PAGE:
Four Common Questions and Answers about Adult Acne

While there are many adults suffering from adult acne, many do not understand anything about it. There are many questions that they may have about the condition, and here is a look at some of the more common ones and their answers.

What is acne? That is often the first many people have about the condition. Acne is the most common skin condition affecting people from ages 11 to 30. It is also a disorder of the oil glands in the skin. Your skin has oil glands that produce an oil sebum that helps to keep it lubricated. However, an overproduction of this sebum can cause the blackheads, cysts, and pustules associated with acne. There are numerous reasons why this may happen, but the most common reasons are associated with hormonal changes. These may be from puberty, pregnancy, and menopause, as well as with changes in birth control medications.

What is the difference between adult and teenage acne? Many people do not realize that there are actual differences between the two types of acne. Besides having different causes, they two types of acne also start in different places. For most teenagers, acne will form on the forehead and nose. On the other hand, adult acne will often occur on the chin, jaw and neck. Adult acne usually needs to be treated by a dermatologist, since most of the over the counter remedies are designed to treat the causes of teenage acne. Adult acne is often caused by hormonal imbalances, though stress and environment can also play a role.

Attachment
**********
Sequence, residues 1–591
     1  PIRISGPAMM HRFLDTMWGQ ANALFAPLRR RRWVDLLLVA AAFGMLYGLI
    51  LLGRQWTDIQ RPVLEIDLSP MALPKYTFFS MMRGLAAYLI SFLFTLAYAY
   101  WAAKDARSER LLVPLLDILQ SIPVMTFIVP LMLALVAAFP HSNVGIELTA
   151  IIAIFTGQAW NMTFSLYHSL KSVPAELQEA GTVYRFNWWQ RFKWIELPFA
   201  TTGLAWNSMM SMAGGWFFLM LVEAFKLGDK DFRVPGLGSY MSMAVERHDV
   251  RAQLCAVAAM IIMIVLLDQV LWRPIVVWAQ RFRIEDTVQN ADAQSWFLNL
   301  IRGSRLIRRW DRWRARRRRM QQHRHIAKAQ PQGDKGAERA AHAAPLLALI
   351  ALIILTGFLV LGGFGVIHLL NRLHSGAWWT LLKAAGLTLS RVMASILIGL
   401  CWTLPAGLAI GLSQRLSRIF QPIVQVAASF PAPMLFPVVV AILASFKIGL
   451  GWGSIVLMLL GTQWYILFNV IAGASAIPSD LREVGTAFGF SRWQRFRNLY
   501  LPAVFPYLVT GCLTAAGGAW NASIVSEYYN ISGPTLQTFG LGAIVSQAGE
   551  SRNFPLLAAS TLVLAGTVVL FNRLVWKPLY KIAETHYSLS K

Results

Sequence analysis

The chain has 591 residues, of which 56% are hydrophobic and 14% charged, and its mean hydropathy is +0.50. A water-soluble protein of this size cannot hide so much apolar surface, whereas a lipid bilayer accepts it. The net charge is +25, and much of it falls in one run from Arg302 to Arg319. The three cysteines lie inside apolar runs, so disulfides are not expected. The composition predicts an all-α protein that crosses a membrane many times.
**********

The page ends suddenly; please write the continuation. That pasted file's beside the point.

What are the differences between rosacea acne and adult female-hormonal acne? The two are both conditions that affect adult women. However, the two are different. Rosacea acne will usually be found in menopausal women and those with fair skin. Sufferers of rosacea experience dry, sensitive skin almost all of the time, resulting in skin redness and pimples. The condition can be further aggravated by spicy foods, alcohol, and exposure to the sun and extreme weather. While adult acne may look similar, it is not generally bothered by these conditions.

How do you know if you have rosacea or acne? Mostly, you can tell it from the symptoms. Adult acne tends to worsen as you age, and will appear on the chin, jaw line, and neck, often during the premenstrual cycle. There are also several factors that will make the condition worse, including: hereditary, increases of male hormones like testosterone in women, stopping or changing birth control medication, some cosmetics, and some medications. If you are still unsure what type of acne you have, your dermatologist can give you a diagnosis, as well as recommend treatment to cure and prevent acne.

If you have adult acne, your dermatologist is going to be your best resource for information and treatments. Most of the over the counter treatments are designed for teenage acne, and will not deal with the underlying causes of adult acne. Hormonal fluctuations may also need medications to treat, which cannot be done with over the counter formulations.